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History of rail transport in Japan


History of rail transport in Japan

This article is part of the history of rail transport by country series.

The history of rail transport in Japan began in the late Edo period. There have been four main stages:[1]

  1. Stage 1, from 1872, the first line, from Tokyo to Yokohama, to the end of the Russo-Japanese war;
  2. Stage 2, from nationalisation in 1906-07 to the end of World War II;
  3. Stage 3, from the postwar creation of Japanese National Railways to 1987;
  4. Stage 4, from privatisation to the present, with JNR split between six new railway operators for passengers and one for freight.


  • Stage 1: Early Development, 1872-1906 1
  • Stage 2, 1906-1945 2
    • Pre-war development 2.1
    • Wartime situation 2.2
  • Stage 3, 1945-1987: Post-war recovery and development 3
  • Stage 4, 1987-present: The current situation 4
  • See also 5
  • References 6
  • Further reading 7

Stage 1: Early Development, 1872-1906

In Yokohama, 1874
No. 1, one of the earliest locomotives later type 150, was UK made

Though rail transport had been known through Dutch traders in Dejima, Nagasaki and earlier, the impact of model railroads brought by foreigners such as Yevfimy Putyatin and Matthew Calbraith Perry was huge. The British also demonstrated a steam locomotive in Nagasaki. Saga Domain, a Japanese feudal domain (han), made a working model and planned to construct a line. Bodies such as the Satsuma Domain and the Tokugawa shogunate reviewed railway construction., but a line did not come to reality before the Meiji Restoration.

The Briton Edmund Morell, was the first Engineer-in-Chief of the government railway, and is respected as the father of Japanese railways

Just prior to the fall of the Shogunate, the Tokugawa regime issued a grant to the American diplomat Anton L. C. Portman to construct a line from Yokohama to Edo (soon to be renamed Tokyo).[2] In 1868 Thomas Blake Glover, a Scottish merchant, was responsible for bringing the first steam locomotive, "Iron Duke", to Japan, which he demonstrated on an 8-mile track in the Ōura district of Nagasaki.[3] The government of Japan decided to build a railway using British financing and 300 British and European technical advisors: civil engineers, general managers, locomotive builders and drivers.[4] On September 12, 1872, the first railway, between Shimbashi (later Shiodome) and Yokohama (present Sakuragichō) opened. (The date is in Tenpō calendar, October 14 in present Gregorian calendar). A one-way trip took 53 minutes in comparison to 40 minutes for a modern electric train. Service started with nine round trips daily.[5]

English engineer Edmund Morel (1841-1871) supervised construction of the first railway on Honshu during the last year of his life, American engineer Joseph U. Crowford (1842-1942) supervised construction of a coal mine railway on Hokkaidō in 1880, and German engineer Herrmann Rumschottel (1844-1918) supervised railway construction on Kyushu beginning in 1887. All three trained Japanese engineers to undertake railway projects. Two men trained by Crowford later became presidents of Japan National Railways. A bronze bust of Morel in Yokohama, a bronze statue of Crowford in the Temiya Railway Memorial Museum, and a bust of Rumschottel in Hakata commemorate their contributions to Japan's railways.[5] The reason of rail gauge choice remains uncertain.[6] It could be because 3 ft 6 in (1,067 mm) was supposed to be cheaper than 4 ft 8 12 in (1,435 mm), or because the first British agent, later whose contract was cancelled, ordered iron sleepers to thise gauge. It seems likely Morel's previous experience building Cape gauge railways in similar New Zealand terrain may have been a significant influence, and Cape gauge became the de facto standard.[5]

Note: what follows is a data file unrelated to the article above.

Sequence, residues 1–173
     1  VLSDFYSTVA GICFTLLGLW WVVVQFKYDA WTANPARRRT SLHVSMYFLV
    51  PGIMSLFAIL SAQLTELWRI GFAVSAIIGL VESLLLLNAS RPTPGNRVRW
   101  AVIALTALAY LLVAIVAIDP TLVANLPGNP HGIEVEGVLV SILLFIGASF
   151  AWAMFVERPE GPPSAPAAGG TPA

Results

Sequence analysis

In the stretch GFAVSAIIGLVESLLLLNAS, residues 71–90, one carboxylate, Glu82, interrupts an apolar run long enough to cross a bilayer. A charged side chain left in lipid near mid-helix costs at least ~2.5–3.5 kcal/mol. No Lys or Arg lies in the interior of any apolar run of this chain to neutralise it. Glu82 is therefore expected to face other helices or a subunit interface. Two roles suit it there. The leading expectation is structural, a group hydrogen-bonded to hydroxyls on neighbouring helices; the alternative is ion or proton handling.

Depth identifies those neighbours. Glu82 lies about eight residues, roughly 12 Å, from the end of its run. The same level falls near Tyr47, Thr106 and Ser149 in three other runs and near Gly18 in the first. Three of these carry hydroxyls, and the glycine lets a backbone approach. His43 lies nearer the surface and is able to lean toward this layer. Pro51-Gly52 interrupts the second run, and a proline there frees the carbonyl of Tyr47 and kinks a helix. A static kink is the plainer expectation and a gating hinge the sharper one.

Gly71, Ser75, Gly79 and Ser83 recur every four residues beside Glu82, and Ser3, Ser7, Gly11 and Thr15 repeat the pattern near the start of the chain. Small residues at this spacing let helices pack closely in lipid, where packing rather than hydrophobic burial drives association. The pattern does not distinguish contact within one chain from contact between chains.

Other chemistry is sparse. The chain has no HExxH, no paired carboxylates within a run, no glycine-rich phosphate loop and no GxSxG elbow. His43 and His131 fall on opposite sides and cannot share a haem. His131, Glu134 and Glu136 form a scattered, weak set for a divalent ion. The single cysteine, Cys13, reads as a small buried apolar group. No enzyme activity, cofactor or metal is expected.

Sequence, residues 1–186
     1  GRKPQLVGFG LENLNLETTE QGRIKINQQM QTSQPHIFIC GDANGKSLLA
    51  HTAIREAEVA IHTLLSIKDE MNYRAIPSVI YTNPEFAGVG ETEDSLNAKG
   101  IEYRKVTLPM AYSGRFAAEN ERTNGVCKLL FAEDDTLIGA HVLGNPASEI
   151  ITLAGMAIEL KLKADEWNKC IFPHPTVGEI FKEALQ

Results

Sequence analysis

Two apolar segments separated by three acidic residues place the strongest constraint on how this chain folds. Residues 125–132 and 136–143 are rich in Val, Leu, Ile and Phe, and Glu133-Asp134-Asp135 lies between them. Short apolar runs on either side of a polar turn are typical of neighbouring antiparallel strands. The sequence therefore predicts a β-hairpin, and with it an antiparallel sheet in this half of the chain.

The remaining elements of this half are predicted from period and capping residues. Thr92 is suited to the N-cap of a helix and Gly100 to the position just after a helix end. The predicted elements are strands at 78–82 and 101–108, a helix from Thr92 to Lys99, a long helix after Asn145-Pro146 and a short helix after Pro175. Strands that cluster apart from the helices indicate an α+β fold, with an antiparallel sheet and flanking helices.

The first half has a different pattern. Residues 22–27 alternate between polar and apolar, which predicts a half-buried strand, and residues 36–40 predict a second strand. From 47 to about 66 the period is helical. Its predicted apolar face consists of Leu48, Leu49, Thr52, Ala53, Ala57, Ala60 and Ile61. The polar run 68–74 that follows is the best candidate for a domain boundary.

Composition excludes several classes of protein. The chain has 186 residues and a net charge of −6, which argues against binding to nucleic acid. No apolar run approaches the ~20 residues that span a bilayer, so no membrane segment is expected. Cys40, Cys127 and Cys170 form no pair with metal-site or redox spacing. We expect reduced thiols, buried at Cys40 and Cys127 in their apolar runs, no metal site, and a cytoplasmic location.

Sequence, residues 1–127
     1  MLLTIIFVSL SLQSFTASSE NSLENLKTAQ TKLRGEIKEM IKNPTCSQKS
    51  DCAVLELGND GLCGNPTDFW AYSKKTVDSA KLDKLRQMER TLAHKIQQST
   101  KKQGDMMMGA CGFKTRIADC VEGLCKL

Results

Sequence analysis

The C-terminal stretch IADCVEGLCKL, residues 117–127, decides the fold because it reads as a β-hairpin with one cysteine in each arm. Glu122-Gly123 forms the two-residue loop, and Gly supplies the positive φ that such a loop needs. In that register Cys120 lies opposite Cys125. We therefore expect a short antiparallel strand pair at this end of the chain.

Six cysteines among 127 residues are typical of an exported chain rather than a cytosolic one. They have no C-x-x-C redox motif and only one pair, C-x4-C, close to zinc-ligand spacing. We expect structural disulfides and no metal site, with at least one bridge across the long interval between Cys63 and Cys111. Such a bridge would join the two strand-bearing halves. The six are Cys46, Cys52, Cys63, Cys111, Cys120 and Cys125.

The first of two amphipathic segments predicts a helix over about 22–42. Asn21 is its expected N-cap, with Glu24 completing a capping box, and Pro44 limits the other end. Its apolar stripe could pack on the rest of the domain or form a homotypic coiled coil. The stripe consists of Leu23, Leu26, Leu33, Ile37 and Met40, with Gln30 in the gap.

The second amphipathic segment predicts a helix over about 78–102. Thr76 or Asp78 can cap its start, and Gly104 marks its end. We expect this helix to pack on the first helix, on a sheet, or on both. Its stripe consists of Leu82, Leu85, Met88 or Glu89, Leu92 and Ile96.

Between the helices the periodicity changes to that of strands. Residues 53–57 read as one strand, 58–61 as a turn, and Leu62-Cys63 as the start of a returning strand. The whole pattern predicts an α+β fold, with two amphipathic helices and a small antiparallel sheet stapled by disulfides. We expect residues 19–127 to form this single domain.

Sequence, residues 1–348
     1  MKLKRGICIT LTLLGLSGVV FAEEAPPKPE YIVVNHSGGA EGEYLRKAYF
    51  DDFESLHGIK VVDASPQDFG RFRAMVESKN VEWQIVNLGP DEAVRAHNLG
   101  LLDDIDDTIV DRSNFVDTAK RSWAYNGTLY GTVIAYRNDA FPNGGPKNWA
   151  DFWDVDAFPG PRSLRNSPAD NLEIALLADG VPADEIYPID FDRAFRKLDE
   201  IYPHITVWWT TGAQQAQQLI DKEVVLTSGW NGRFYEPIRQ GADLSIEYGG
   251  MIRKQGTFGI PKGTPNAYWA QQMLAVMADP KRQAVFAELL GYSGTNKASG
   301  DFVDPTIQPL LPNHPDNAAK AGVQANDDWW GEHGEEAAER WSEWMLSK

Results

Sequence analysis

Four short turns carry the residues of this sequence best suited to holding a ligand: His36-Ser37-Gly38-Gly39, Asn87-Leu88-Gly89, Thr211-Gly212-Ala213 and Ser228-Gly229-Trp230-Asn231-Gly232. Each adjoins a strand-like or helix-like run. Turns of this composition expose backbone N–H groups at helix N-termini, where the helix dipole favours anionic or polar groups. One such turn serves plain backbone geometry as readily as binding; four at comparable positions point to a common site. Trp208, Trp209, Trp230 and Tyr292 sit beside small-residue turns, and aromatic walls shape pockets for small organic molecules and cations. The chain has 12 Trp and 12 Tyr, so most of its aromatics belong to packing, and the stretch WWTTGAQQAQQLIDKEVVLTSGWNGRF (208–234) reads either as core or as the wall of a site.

Politicians such as Inoue Masaru stated all the railway lines should be nationalized. However, the government was financially strained after the Satsuma Rebellion, making the expansion of the network terribly slow. Politicians then wanted to allow private companies to build railways. Consequently, Nippon Railway was founded as a private entity, strongly effecting the government's projects. It expanded railways fairly quickly, completing the main line between Ueno and Aomori (present Tōhoku Main Line) in 1891. With the success of Nippon Railway, private companies were also founded. Sanyō Railway, Kyūshū Railway, Hokkaidō Colliery and Railway, Kansai Railway and Nippon Railway were called the "major five private railways" at the time. At the same time, the national railway opened lines, including the current Tōkaidō Main Line in 1889, but most of its lines were subsidiary to major private lines. In 1892, the Imperial Diet promulgated the Railway Construction Act, which listed 33 railway routes that should be constructed by either the government or private entities.

Railways were was introduced for both inter-city and intra-city transportation. The first horsecar line in Japan was built in Tokyo in 1882. The first tram was the Kyoto Electric Railway (京都電気鉄道 Kyōto Denki Tetsudō), which opened in 1895.

Some operators began to use EMUs rather than locomotives for inter-city transportation. Many such railway companies, modeled after interurbans in the United States, are the origins of the current private railway operators.

A tramcar of ex-Kyoto Electric Railway, now operated in a field museum Meiji Mura

Stage 2, 1906-1945

Pre-war development